THEY’RE a foot long, furry, and quite cute from a distance, but American Mink in the north-east are being targeted by a wildlife initiative designed to reduce their population.
Sarah Atkinson of the Scottish Mink project is appealing for helpers in the Ythan area to come forward to help monitor numbers of the predator, which is a serious pest to local indigenous wildlife.
Sarah told the Times: “As a generalist predator mink have a detrimental impact on a wide range of our wildlife, most notably the water vole which has declined by 95% in the last 50 years, mostly through predation by mink. However, mink also eat fish, ground nesting birds, ducks and chickens. It’s not just the impact on wildlife but also our economy - Scotland relies quite a lot on wildlife tourism, fishing and game shooting, and mink can have a serious impact on the species involved in these activities and thus the local economy.”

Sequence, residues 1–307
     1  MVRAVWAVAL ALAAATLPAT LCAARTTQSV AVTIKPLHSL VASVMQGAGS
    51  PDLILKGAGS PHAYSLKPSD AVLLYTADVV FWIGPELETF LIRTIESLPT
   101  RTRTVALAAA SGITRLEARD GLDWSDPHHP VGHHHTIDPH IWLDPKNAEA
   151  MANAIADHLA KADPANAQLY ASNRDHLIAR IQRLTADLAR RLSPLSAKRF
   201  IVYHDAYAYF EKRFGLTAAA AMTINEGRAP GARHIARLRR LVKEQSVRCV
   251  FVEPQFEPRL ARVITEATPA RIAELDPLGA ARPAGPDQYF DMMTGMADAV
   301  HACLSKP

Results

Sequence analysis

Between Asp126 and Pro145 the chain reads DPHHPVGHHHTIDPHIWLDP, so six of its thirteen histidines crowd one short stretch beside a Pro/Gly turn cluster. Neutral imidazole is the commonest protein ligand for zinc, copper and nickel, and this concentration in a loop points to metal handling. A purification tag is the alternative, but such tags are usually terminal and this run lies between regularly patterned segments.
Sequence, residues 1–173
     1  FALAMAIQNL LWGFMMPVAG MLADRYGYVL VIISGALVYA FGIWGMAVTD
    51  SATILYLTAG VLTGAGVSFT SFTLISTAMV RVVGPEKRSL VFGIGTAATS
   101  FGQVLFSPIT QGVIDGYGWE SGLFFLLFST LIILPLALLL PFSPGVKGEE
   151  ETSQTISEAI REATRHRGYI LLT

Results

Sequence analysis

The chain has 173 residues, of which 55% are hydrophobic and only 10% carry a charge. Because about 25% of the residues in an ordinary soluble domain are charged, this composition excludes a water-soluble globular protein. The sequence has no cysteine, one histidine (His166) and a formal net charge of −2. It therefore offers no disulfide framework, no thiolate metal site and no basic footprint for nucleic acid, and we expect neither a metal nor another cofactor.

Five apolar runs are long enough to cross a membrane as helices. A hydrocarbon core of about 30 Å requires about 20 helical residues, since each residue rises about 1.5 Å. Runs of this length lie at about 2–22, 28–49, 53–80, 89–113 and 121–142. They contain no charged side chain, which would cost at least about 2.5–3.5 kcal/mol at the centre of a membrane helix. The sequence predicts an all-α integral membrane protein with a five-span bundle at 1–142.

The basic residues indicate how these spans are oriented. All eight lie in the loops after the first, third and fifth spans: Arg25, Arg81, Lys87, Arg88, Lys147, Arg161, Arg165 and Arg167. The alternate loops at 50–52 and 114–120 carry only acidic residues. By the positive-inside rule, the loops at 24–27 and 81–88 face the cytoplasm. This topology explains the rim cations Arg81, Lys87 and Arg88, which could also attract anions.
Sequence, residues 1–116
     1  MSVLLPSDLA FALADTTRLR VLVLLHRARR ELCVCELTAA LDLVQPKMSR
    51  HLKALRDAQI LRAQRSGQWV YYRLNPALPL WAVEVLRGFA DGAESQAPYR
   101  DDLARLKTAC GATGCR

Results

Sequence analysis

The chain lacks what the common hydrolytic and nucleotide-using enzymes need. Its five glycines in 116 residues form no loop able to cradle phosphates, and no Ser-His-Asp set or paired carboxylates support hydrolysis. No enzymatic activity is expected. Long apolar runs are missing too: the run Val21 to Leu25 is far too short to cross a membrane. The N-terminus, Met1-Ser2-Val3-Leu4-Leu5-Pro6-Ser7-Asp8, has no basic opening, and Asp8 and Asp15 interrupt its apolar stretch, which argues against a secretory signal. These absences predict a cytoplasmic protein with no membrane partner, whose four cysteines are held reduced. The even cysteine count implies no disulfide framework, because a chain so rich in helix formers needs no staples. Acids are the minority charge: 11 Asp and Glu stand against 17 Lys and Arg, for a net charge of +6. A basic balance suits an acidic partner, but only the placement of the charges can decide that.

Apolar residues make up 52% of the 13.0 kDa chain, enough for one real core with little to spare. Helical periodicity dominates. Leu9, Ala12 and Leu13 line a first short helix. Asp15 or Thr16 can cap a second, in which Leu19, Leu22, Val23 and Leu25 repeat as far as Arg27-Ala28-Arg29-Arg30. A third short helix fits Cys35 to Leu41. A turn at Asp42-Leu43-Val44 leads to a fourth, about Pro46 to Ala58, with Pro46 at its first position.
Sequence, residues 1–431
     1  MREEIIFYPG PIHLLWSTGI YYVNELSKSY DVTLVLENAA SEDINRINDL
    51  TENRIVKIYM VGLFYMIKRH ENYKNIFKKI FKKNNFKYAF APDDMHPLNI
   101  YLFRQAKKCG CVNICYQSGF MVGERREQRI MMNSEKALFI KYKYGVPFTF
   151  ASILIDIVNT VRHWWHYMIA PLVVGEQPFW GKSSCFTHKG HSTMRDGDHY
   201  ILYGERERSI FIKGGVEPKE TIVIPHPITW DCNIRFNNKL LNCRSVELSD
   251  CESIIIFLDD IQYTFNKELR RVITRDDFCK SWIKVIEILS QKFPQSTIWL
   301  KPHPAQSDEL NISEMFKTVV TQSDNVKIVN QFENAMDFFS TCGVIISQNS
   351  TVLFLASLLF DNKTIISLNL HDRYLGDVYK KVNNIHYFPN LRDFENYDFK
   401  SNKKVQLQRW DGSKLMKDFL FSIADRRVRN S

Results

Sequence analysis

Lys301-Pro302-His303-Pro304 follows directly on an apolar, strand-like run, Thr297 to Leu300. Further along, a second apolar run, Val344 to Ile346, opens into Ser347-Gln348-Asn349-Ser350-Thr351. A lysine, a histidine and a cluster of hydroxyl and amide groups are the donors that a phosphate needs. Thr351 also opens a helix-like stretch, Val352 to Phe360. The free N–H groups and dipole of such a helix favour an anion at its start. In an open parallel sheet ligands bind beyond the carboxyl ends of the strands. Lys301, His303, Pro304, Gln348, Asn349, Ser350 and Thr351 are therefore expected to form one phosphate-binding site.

Though the Ythan is counted as one of the success stories in terms of mink population control, Sarah believes that much remains to be done, and volunteer efforts are always appreciated.
“In 2010 there were three accounts of water voles in places they haven’t been for as long as 10 years. While there are considerably less mink on the Ythan than previous years, it is now of greater importance to keep monitoring,” she said. “The Scottish Mink Initiative recruits volunteers from all walks of life to assist in monitoring. Some volunteers can also assist in checking live-capture cage-traps, which are set only when mink signs are found, or humanely dispatching mink caught if they are willing to do so.”
Sarah can be contacted at firstname.lastname@example.org, or 07825 180319.